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Tuesday, 15 May 2012


I love Federico and Raimundo de Madrazo art, they belonged to an artist and very talented family of painters, teachers, architects, critics and museum directors. Its members included some of the most important artists in the 19th century in Spain. And today I felt like writing a post about them to share with you. I hope you enjoy it!

Federico de Madrazo y Kuntz (1815 – 1894)

He was born in Rome, he was the son of the painter Madrazo y Agudo, who was the Court painter, director of the Royal Academy of San Fernando and the King's Gallery (subsequently the Prado Museum). He was the most sought-after Spanish painter of the second third of the 19th century, and had an unrivalled reputation both in Spain and abroad. This was thanks to his family background, his social situation, and above all to his early artistic training by his father. He was the brother of Pedro de Madrazo, a celebrated man of letters, critic and author of several of the first catalogues in the Prado Museum. Another of his brothers, Juan, was the architect who planned the restoration of León Cathedral. His brother, Don Luis de Madrazo, was also known as a painter, chiefly by his Burial of Saint Cecilia (1855).

While still attending the classes at the Royal Academy of San Fernando, he painted his first picture, The Resurrection of Christ (1829), which was purchased by Queen Christina.

While decorating the palace of Vista Alegre he took up portraiture. In 1852 he went to Paris, where he studied under Franz Winterhalter, and painted portraits of Baron Taylor and Ingres. In 1837 he was commissioned to produce a picture for the gallery at Versailles, and painted "Godfrey de Bouillon proclaimed King of Jerusalem". The artist then went to Rome, where he worked at various subjects, sacred and profane. Then he painted Maria Christina in the Dress of a Nun by the Bedside of Ferdinand III (1843), Queen Isabella, The Duchess of Medina-Coeli, and The Countess de Vilches (1845-1847), besides a number of portraits of the Spanish aristocracy, some of which were sent to the exhibition of 1855.

He received the Legion of Honour in 1846. He was made a corresponding member of the Paris Academy of Fine Arts in 1853 and in 1873, on the death of Schnorr, the painter, he was chosen foreign member. After his father's death he succeeded him as director of the Museo del Prado and president of the Academy of San Fernando. He originated in Spain the production of art reviews and journals. He died at Madrid in 1894.

And here you are some of his paintings:

Federico's best-known pupil was his son, Raimundo de Madrazo y Garreta.

Raimundo de Madrazo y Garreta (1841 - 1920)

Raimundo de Madrazo y Garreta was born in Rome in 1841 in a family of famous painters, later he became a brother-in-law of one of the most important painters of the 19th century Spain, Mariano Fortuny. This solid basis allowed him to turn into one of the bulwarks of the so-called bourgeois realism which development acquired the central and determining role. His first studies in the Royal Academy of Fine Arts of San Fernando in Madrid and his later studies in Paris with Leon Coignet brought severe but correct academic touches into his early works.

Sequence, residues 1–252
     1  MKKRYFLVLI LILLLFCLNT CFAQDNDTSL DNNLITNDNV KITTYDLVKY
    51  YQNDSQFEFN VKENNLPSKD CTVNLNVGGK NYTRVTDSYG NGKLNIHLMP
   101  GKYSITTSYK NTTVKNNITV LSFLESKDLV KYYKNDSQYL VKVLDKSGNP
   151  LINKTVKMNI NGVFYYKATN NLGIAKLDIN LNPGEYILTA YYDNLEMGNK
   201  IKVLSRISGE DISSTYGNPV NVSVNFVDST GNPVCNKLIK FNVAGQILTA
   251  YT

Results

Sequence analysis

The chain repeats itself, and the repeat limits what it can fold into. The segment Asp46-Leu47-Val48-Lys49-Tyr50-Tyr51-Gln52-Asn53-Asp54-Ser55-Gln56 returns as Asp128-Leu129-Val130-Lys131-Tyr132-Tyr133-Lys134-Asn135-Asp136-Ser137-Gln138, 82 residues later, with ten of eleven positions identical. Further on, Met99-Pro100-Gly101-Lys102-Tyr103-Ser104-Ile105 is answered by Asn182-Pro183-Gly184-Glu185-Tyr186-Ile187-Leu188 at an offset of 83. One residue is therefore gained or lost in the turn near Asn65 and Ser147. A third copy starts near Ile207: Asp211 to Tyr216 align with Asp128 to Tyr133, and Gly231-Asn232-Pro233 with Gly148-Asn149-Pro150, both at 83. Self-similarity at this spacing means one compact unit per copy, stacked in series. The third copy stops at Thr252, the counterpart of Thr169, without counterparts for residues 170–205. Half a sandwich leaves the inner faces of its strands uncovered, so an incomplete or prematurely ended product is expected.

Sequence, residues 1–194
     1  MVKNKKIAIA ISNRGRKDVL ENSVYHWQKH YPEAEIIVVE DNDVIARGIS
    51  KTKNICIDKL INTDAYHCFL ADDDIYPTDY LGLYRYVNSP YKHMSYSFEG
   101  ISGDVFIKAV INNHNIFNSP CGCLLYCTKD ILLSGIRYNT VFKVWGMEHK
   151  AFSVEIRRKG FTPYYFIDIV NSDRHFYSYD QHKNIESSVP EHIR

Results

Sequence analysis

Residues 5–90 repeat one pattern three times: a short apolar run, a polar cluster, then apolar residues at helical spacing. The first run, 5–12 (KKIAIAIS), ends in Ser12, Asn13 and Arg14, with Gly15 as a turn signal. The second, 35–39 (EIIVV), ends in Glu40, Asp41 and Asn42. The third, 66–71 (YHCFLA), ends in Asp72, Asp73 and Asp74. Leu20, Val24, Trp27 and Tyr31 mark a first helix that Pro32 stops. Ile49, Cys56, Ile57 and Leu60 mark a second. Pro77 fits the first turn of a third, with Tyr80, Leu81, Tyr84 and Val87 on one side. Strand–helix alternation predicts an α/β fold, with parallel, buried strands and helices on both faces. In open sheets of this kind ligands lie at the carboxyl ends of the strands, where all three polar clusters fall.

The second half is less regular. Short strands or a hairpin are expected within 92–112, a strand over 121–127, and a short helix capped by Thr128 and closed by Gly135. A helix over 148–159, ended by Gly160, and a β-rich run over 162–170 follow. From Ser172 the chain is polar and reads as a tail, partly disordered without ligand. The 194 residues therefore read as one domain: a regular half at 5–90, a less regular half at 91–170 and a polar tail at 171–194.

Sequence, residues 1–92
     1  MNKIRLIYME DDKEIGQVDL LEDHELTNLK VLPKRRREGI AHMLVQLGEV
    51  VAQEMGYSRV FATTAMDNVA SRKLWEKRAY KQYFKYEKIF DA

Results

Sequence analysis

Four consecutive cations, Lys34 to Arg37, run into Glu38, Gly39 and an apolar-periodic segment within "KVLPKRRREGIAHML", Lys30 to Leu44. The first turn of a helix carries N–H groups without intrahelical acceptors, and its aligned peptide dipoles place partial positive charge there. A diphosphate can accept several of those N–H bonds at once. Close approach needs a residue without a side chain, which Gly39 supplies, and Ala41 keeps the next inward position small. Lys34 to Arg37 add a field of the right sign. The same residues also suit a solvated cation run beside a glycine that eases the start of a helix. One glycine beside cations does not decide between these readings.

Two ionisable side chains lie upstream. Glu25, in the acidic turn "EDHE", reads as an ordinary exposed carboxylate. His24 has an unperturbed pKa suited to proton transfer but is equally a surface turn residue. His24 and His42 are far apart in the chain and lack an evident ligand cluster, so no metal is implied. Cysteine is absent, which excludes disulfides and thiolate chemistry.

A traveler and a cosmopolite with good connections with professionals, he never sent a single work to the national exhibitions, but together with Giuseppe de Nittis, his Belgian friend Alfred Stevens, and a gallery keeper George Petit he staged the International Exhibition of Painting which aim was to promote the foreign art in the real artistic capital of the fin de siècle: Paris.

After the first attempts in the academic style he turned to the more decorative and fresh painting continuing in a certain sense his brother-in-law Fortuny’s tradition with the refined realism transferred to the canvas through a subtle and elaborate colour spectrum that reached the heights of mastery in the works inspired by his model and lover Aline Masson, combining tender feelings and the primacy of the execution. He was notable for the portraits, making this genre one of his favorite ones; it was not in vain that his father was a great portrait painter who taught Raimundo, and the latter added a personal touch to the elegant French portrait of the Second Imperium that, in the long run, had its roots in the English portrait painting of the previous century.

The influence of the Rococo and of Japanese art is reflected in his painting, which expresses an exquisite aristocratic or bourgeois ideal, the illusion of a refined, sensual and superficial life. Consequently, his works are also described as representing the 'Parisian seraglio'. American collectors paid high prices for his paintings. The Museo del Prado has a good number of his paintings.

And here you are some of his paintings too:



  1. Dear Nieves

    Knowing your blogs was a gift to me: I'm learning more. The paintings are quite impressive. They are rich in detail that makes them look like photographs. I like that.


    1. Dear friend, you are always so sweet! and it makes me very happy you enjoy my posts and you find them interesting. Related to these paintings, some of them are hanged on the Prado Museum and every time I visit it I have to visit these Madrazo's paintings, believe me! Beijos for you!

  2. I can definitely tell that father thought his son. Very similar style and so beautiful :)
    Hope you had a great weekend, Nieves!
    Hugs from Ohio,

    1. Hi Ivanhoe, definitely genes have much to tell sometimes, have not they? Nice weekend to you too!

  3. Nice blog post, do note that this piece is actually a work by Jean-Auguste-Dominique Ingres, not Madrazo.

    1. Eric, you were right, thanks a lot for leaving your comment, you were very nice for it and I have already taken out that Ingres painting from my post. Best regards,


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